Tuesday, January 11, 2022 [Tweets] [Favorites]

Blue Bubble Envy Is Real

James Vincent (via Nilay Patel):

Google has accused Apple of benefiting from bullying as part of a deliberate strategy to make Android users into second-class citizens on the iPhone-maker’s iMessage service.

Apple’s messaging service includes a number of iOS-exclusive features, like Memoji, and famously turns texts from Android users green instead of the iOS-native blue. This has turned iMessage into a status symbol among US teens, creating peer pressure for young people to buy iPhones and sometimes leading to the ostracization of Android users. Showing up in a group chat as a green bubble has become, for some, a social faux pas.

[…]

Google’s intervention here is not purely altruistic, of course: the company would benefit hugely from Apple making iMessage available on Android. Google has also recently been pushing for the iPhone-maker to support next-generation texting standard RCS, which is intended to replace SMS and has already gathered support from major US carriers.

Nick Heer:

Is it 2019 again? That was the last time we had a spate of stories examining the plight of Android users texting friends with iPhones. There was the Fast Company exposé of teenagers’ “distaste” for green bubbles, that thorough investigation by the New York Post into the problem — featuring interviews with exactly one iPhone user who refused to date Android users, and one Android user who felt slighted — and there was Samsung’s ridiculous comeback attempt.

[…]

I have written before about how iMessage is a platform differentiator for Apple, but I do not think it is as bulletproof as either its biggest fans or extreme antitrust detractors believe. More to the point, I do not know anybody who uses just one messaging service.

The story keeps coming back because, social pressures aside, iMessage conversations with mixes of green and blue bubbles continue to not work as well as you’d think they could. Then again, the Messages experience with pure blue bubbles is pretty bad, too.

Bridger Maxwell:

I just want Apple to stop splitting group chats with Android users into a new thread every time someone replies

Francisco Tolmasky:

I’ve been out of the loop on this whole iMessage vs. Google thing… but I am fascinated by the fact that anyone is defending is iMessage. I just can’t believe anyone would ever say a single positive thing about iMessage if they’ve ever had to scroll up in that app.

Previously:

Update (2022-01-19): John Gruber:

There’s nothing teen-specific about iPhone users being annoyed at Android users in group chats. In fact, such complaints might be far more common among adults, because so many teenagers have iPhones they don’t encounter it as often. Last year I linked to a story from Mirin Fader’s Giannis: The Improbable Rise of an NBA MVP that claims former Milwaukee Bucks coach Jason Kidd made the entire team run because one player had an Android phone and messed up the team’s group chat. (For what it’s worth, the player in question claims the story isn’t true. It’s the fact that the story resonated that matters.) Here’s a story from October about pro golfer (and well-known oddball) Bryson DeChambeau messing up the U.S. team’s Ryder Cup group chat because he was the lone Android user.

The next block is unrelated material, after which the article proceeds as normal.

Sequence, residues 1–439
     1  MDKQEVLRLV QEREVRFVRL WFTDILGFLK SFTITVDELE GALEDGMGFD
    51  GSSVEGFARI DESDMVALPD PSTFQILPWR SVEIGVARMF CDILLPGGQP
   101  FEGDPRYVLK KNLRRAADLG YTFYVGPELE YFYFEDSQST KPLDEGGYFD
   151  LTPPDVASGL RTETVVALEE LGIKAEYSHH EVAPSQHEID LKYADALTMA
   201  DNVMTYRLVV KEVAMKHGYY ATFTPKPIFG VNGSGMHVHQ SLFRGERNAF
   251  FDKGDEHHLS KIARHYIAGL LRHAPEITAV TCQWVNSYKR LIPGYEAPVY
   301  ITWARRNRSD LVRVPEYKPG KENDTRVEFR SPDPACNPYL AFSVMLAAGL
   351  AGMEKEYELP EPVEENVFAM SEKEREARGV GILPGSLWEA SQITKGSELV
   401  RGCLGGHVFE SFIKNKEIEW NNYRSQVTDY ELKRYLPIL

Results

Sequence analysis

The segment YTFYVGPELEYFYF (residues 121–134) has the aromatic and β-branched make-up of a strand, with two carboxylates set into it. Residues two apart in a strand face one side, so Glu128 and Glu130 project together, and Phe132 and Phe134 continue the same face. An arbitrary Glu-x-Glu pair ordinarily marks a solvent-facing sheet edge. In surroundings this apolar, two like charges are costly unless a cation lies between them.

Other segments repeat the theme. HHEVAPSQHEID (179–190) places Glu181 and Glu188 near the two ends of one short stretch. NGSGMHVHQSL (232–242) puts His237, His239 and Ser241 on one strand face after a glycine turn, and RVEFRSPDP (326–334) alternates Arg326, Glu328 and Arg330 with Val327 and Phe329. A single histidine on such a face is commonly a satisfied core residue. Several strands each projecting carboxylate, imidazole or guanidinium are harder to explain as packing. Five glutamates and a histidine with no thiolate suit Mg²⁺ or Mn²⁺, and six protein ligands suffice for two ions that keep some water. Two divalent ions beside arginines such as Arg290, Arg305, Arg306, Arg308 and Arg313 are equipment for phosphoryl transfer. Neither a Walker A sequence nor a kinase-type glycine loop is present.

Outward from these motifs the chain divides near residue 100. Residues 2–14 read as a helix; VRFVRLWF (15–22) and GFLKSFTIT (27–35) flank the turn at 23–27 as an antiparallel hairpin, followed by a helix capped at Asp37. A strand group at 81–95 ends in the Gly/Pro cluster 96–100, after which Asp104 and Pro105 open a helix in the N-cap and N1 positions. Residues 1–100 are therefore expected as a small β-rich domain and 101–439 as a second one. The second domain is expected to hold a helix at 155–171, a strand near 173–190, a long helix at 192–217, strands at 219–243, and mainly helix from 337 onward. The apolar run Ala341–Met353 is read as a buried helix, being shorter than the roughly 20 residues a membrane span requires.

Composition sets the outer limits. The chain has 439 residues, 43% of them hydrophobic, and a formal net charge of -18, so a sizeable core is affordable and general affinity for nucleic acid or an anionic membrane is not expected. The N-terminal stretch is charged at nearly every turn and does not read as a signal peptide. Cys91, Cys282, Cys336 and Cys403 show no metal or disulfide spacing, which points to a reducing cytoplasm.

[…]

In fact, these third-party messaging platforms exemplify the gaping hole in the center of the WSJ’s premise: iMessage’s extraordinary popularity in the U.S. is a global outlier. This story created a stir on Twitter over the weekend, and a very common refrain from observers who live outside the U.S. was utter bafflement that iMessage was popular anywhere, because other messaging services are so dominant elsewhere — including with iPhone users. iMessage is obviously only popular where iPhones are popular, but iPhones are popular in countries around the world where iMessage (and SMS) are seldom used.

[…]

A much simpler nutshell explanation is that teenagers have a keener sense of cool, and care more about what’s cool, than adults. And the iPhone always has been and remains today cooler than any Android phone. I don’t think that explains the entire situation very well either — it’s quite a bit dismissive of the fact that teenagers actually use the hell out of their phones and thus are perfectly positioned to want iPhones for the entirely practical and rational reason that they’re better, not just cooler — but it sure as shit is closer to the mark than talking about green vs. blue text bubbles.

[…]

What, pray tell, should Apple do or have already done differently?

Apple should make iMessage work better with SMS. There are a lot of things that could be made nicer or smoother if they wanted to.

Jason Snell:

When you look at the messaging landscape today, iMessage isn’t a colossus that dominates the world. In fact, I’d say that iMessage’s first decade is more of a failure than a success in terms of worldwide acceptance, user experience, and innovation.